OUTWOOD IN SURREY "The Village with the Mill"
The summer flower has run to seed
And yellow is the woodland bough
And every leaf of bush and weed
Is tip't with autumn's pencil now
This verse by John Clare is the first of Autumn, part of his monumental poem The Village Minstrel written in 1821. John Clare was born in Helpston, Northamptonshire into a farming family in 1793. He came to be known as "The Peasant Poet" and is acknowledged by many as the greatest poet of the English country scene. These lines, which paint such a perfect picture of the beginning of autumn came to mind in early October as I crossed the motorway bridge on Green Lane. It was mid afternoon, the sun was highlighting the trees and shrubs lining the motorway embankments and the first glimpses of the glorious autumn leaf colours were just starting to show that much of nature was beginning to wind down before the onset of the cold winter months.
These autumn colours should not of course be confused with the brown colour of horse chestnut leaves caused by the larvae of the specific leaf mining moth Cameraria ohridella, which was first spotted in northern Greece in the early 1970's and identified as a new species in 1986. It spread rapidly across eastern and central Europe and was first recorded in the UK in Wimbledon in 2002 since when it has continued spreading across the UK at the rate of roughly 50 kilometres annually. The moth, which can have a number of life cycles each year, lays its eggs on the leaf surface and when they hatch the larvae burrow into the leaves which gradually turn brown. It seems that because infestations take place later in the season they do not, over time, kill the affected trees, however the conkers are smaller. Interestingly, on the verge in Green Lane outside Little Woolborough Farm there is a beautiful specimen of a horse chestnut which does not seem to have been affected by this moth despite the fact that other trees around the village and further down Green Lane have fallen victim. It is possible this tree has a natural immunity which has been recorded in a small number of trees in Europe, in the same way as an ash tree in Sweden has been found to be immune to the ash die back fungus.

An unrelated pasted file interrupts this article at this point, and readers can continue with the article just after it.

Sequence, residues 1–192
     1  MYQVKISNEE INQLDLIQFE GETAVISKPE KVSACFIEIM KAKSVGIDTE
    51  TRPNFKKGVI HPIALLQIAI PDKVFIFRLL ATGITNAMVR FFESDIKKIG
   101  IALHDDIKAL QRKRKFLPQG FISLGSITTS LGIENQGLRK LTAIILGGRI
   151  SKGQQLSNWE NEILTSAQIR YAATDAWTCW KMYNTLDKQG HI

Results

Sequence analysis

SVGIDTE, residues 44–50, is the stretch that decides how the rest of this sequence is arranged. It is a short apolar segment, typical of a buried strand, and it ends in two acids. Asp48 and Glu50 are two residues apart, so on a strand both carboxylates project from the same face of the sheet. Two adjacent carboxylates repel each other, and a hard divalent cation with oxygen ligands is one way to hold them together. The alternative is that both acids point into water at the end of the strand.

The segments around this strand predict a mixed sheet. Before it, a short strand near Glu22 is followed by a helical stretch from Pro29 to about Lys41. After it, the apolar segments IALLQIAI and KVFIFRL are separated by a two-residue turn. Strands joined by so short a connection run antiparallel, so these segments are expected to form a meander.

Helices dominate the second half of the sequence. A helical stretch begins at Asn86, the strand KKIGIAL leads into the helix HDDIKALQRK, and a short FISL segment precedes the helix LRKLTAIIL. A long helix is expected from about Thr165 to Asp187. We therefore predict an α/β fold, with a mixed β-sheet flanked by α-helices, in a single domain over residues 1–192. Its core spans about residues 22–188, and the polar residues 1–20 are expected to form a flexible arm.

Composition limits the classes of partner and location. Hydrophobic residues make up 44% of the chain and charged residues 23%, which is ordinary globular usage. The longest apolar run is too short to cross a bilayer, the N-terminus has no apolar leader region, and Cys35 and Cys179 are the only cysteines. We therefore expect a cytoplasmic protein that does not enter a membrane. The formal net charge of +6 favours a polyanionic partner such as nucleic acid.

As expected the crops of nuts, berries and fruits of woodland and hedgerow are abundant making this a mast year - this term describes those years when crops such as acorns, chestnuts and hazelnuts are particularly high and litter the ground beneath the trees providing a surplus of food for wild animals and birds. The seeds of ash trees, known as keys because they are winged and hang in bunches, have been particularly noticeable as they have ripened from green to a dazzling, bright, sunny yellow and then a chestnut brown. The bunches of keys often hang on the trees throughout the winter.
Sightings this month have included a weasel spotted by David Baldock as it scampered across his terrace and a roe deer seen by Geoff Last as it crossed Brickfield Lane. Deer numbers are reported to be on the increase and the giveaway signs of their presence include hoof prints in soft mud and the nibbled shoots on newly coppiced trees.